- Some mammal species become invasive because they overgraze on the vegetation in their habitat, others because they overhunt other species.
- Rats and mice are two of the most invasive species in the world.
- Some invasive species are detrimental to the ecosystem as they carry viruses and diseases.
Humans have co-existed with mammals for a long time. Mammals are important for the balance of the ecosystems in which they exist. However, they can also be very destructive causing damage to not only plants but also the birds, humans, and other mammals. When an animal becomes destructive to the ecosystem it lives in, it is called an invasive species.
Some of the 14 worst invasive mammal species include goats, rats, mice, red deer, and cats among others as summarized below.
Goats (Capra hircus) survive in the harshest conditions. Although domesticated from the wild goats of Southwest Asia and Eastern Europe, goats have since spread across the globe as they are kept for their milk, meat, and fur. When given the opportunity, goats are one of the quickest domesticated animals to return to feral life. There are strong feral goat populations in the United Kingdom, Australia, New Zealand, and the Galapagos, among others.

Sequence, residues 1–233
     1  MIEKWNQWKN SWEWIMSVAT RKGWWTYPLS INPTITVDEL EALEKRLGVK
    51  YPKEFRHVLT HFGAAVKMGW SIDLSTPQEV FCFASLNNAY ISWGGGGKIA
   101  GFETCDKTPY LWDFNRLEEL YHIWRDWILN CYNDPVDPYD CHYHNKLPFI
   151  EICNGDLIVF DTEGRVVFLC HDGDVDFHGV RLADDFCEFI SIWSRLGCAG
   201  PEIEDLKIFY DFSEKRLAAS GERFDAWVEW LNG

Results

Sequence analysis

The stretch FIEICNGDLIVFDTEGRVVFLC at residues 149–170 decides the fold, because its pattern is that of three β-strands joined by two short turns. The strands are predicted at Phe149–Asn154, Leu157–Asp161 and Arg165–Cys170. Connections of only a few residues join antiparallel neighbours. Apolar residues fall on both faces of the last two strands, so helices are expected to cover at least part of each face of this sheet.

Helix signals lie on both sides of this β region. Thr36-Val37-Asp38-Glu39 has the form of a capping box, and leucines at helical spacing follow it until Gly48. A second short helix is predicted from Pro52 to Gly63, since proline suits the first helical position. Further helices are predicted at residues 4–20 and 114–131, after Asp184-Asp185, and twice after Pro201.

Goats are herbivores that eat most plants within their environment. It’s because of their eating habits that goats are considered an invasive species: they graze until the environment becomes ecologically imbalanced, to the detriment of other species that rely on the grass for food and habitat.
2. Red Deer
The red deer (Cervus elaphus) is native to Eurasia. However, with time it has spread to other parts of the world such as Australia, the Americas, and New Zealand. Red deers inhabit open grasslands, temperate rain forests, human-made clearings, and mountain ridges. They devour the plants within their surroundings such as the grass. As a result, they contribute to soil erosion and severe overgrazing. To control the red deer populations, humans are encouraged to engage in red deer hunting.
3. Feral Cats